The same boomers who sought to revolutionize society earlier in life are redefining retirement altogether, with one-third of current boomer retirees still working in some way [source: Merrill Lynch]. Even if baby boomers exit the workforce financially sound, they are often "reinventing themselves" with new jobs, volunteer work and hobbies [source: Valeo].

Baby boomers also want to remain independent in their own homes, which will increase the demand for in-home long-term care [source: Carbo]. Staying put might require hiring a professional caregiver (skilled care) or relying on family members (non-skilled care) to assist with daily activities such as cooking and bathing. Boomers are exploring technology that assists with long-term care as they look after their own aging parents. Already, they're using assisted-living cameras and special, prefabricated-and-portable backyard shelters, dubbed "granny pods," to help monitor people who need long-term care [source: NPR Staff].


According to one survey, baby boomers are less prepared for long-term health care because they gamble on government programs and their families caring for them [source: Merrill Lynch]. Read more about how this affects their willingness to buy insurance on the following page.

3: Not Purchasing Insurance

Private insurance companies offering long-term care policies are not sure how to deal with the baby boomer generation. Although boomers value the idea of long-term care insurance -- and can usually afford it, they still aren't buying [source: New York Life]. At present, 13 percent of people between the ages of 25 and 70 have long-term care insurance, and only 23 percent more say they plan to buy it, according to one industry survey [source: Merrill Lynch].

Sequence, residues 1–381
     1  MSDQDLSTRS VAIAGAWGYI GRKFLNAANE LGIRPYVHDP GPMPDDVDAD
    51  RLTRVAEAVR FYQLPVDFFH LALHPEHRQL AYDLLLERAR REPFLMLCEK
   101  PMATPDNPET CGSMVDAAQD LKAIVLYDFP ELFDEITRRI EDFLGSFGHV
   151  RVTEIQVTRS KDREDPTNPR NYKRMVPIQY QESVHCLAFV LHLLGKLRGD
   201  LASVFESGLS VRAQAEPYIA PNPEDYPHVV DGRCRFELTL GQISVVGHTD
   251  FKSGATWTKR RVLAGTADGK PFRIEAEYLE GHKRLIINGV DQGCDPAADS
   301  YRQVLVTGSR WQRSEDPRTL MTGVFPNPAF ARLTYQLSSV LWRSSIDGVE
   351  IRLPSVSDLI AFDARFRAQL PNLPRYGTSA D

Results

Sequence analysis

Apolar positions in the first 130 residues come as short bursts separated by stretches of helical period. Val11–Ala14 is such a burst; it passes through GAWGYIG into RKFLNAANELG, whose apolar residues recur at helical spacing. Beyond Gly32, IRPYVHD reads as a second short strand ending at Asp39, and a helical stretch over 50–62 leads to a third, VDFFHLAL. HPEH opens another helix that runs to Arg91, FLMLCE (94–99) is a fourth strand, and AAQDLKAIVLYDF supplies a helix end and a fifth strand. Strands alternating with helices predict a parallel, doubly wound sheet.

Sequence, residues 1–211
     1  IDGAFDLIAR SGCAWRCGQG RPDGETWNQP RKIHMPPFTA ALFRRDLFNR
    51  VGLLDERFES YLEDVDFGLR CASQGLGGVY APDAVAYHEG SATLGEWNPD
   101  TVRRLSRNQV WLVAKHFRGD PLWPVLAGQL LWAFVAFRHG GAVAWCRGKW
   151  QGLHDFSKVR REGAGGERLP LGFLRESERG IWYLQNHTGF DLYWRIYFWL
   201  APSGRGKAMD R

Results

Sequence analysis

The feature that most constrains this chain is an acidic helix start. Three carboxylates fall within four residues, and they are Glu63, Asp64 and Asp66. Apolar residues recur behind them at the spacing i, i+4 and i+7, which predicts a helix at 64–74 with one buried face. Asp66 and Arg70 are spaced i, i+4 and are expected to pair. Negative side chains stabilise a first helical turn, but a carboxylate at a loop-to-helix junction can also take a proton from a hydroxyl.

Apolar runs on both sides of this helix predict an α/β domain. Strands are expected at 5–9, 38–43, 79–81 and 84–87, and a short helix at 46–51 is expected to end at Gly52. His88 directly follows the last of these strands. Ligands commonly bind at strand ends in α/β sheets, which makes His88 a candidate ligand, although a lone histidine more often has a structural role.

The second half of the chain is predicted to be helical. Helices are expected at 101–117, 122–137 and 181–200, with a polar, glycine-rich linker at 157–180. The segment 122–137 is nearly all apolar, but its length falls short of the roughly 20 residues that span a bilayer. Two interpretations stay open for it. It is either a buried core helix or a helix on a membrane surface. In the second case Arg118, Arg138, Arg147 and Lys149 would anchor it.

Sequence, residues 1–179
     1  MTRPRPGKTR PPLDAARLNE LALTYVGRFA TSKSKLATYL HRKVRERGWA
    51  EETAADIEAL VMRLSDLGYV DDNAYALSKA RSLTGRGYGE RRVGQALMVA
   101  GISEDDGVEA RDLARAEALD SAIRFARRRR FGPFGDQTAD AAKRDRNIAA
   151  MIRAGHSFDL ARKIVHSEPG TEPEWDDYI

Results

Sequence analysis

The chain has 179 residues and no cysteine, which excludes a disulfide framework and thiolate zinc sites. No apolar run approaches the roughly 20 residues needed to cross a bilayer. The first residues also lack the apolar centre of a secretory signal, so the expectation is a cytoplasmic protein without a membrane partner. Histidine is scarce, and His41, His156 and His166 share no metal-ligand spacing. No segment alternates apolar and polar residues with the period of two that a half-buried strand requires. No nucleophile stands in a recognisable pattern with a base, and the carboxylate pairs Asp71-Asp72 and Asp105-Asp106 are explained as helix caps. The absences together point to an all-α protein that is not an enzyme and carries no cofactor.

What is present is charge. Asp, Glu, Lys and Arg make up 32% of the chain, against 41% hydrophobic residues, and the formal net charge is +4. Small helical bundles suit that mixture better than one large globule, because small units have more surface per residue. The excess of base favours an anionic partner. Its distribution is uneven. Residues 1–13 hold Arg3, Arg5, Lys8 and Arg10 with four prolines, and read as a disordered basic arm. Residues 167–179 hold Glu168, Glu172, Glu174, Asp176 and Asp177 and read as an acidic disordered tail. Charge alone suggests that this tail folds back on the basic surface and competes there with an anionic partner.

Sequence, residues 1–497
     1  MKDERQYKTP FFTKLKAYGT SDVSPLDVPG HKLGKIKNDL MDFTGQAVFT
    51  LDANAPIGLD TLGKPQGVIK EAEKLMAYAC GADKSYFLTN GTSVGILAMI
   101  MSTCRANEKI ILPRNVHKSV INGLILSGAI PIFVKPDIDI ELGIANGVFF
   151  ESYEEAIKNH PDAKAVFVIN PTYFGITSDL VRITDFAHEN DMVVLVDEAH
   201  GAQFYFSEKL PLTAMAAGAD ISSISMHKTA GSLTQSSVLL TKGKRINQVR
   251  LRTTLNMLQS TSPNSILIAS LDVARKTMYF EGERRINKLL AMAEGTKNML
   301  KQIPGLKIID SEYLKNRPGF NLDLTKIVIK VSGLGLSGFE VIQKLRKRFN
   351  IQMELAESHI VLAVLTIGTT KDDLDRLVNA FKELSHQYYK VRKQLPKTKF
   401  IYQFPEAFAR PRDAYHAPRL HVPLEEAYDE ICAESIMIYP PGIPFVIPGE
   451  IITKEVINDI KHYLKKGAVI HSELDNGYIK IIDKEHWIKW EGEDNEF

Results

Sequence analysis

Long-term health care services aren't usually included in comprehensive health care plans, which is why a specific long-term care policy is needed.


Since the demand for long-term care insurance increases with age, many companies boost premiums for older applicants to discourage customers from opting in at the last minute and stressing resources. It's suggested that the continual aging of baby boomers has caused some insurance companies to stop selling long-term care insurance altogether [source: Block]. In addition, the influx of aging boomers has resulted in companies becoming more selective in accepting applicants based on their current health and pre-existing conditions, reinforcing the need to apply while in good health at a younger age [source: Medicare.gov].

Even those living with policies worry that the premiums will jump significantly years down the road when they'll actually need long-term care [source: Morrissey].

Private companies aren't the only entities preparing to accommodate baby boomers. Next, find out what the U.S. government is doing.

2: Increase in Government Options

With Medicare and Medicaid explicitly stating who's eligible for coverage, some individuals planning on receiving financial assistance for long-term care will be surprised to find no aid available when they need it -- at least until they empty their bank accounts.

Since both programs only provide coverage in special circumstances, the government has created a few programs for older retirees and aging boomers. For example, the Federal Long-Term Care Insurance Program offers federal employees long-term care insurance at a group rate [source: Medicare.gov]. So far, the Older Americans Act also has taken steps toward meeting the future needs of baby boomers [source: U.S. Administration on Aging].